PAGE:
Volume 92, Issue 24
Friday, October 16, 1998
|ARTS AND ENTERTAINMENT
At home with McLean
By Caitlin Murphy
"Proud to be out of date," says Stuart McLean, of the nostalgic colour of his writing, which weathers the storm of post-modern pyrotechnics. He is a teller of stories, pure and simple.
"You don't have to move your lips as you read and you don't have to run your finger along the page," McLean proudly admits.
McLean's new book, Home from the Vinyl Cafe, is another installment of stories born from his weekly CBC radio show called The Vinyl Cafe. The show is an hour of music and story-telling focusing on a record store.
It began in 1994 as a studio show but is now being recorded all over the country in live performance. McLean recognizes and relishes the difference in writing for radio and writing for print. "You can make it more complex. You don't have to be quite so linear. And I have to spell correctly."
There is in fact a distinctive sense of the oral tradition of story-telling in his work. His stories beg to be read aloud something the majority of his audience recognizes.
"People who know me on the radio say they can hear me in their head when they read them," McLean says.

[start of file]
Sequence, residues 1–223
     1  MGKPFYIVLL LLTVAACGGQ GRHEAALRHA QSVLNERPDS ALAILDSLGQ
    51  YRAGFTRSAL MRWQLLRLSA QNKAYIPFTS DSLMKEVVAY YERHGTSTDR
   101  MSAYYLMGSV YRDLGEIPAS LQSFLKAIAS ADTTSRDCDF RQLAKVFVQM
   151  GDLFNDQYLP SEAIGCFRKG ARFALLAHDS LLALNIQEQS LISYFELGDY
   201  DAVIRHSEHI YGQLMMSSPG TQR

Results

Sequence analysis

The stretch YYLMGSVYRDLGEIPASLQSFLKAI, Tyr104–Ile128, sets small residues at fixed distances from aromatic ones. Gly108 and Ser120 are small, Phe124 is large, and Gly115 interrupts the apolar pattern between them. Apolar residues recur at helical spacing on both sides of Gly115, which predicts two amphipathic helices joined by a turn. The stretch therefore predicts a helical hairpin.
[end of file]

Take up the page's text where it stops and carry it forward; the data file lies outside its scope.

McLean came to creative writing quite unassumingly from a journalistic background. "I never liked short stories, but one day I found myself writing them," he admits.
Still, McLean undoubtedly feels more comfortable within the field of journalism which he teaches at Ryerson Polytechnic University in Toronto. "I know the craft of journalism. I have a bag of tricks when I go to do it. [I'm] a teacher of journalism and a student of literature."
However, in the same breath he'll admit the two disciplines' similarities. "They're closer together than you'd think."
Although McLean has been constantly dealing with the same characters from the Vinyl Cafe, he has far from tired of them. "God, I hardly know them, I could go forever with them," McLean explains.
"There's so much for me to learn still from these people. I don't feel at all constrained by them."
His writing is often commended for typifying "Canadianess" a quality he doesn't consciously think about or contrive to instill. "I don't see it at all," McLean says. "I think it's because I'm so immersed in it. It's like I don't notice the air I'm moving through."
When McLean is constantly asked if there is an actual record store called The Vinyl Cafe which inspires his stories, he says, "I always tell them that I believe in it."
Stuart McLean will be appearing in London to give a reading tonight at 8:00 p.m. at the London Regional Art and Historical Museums.
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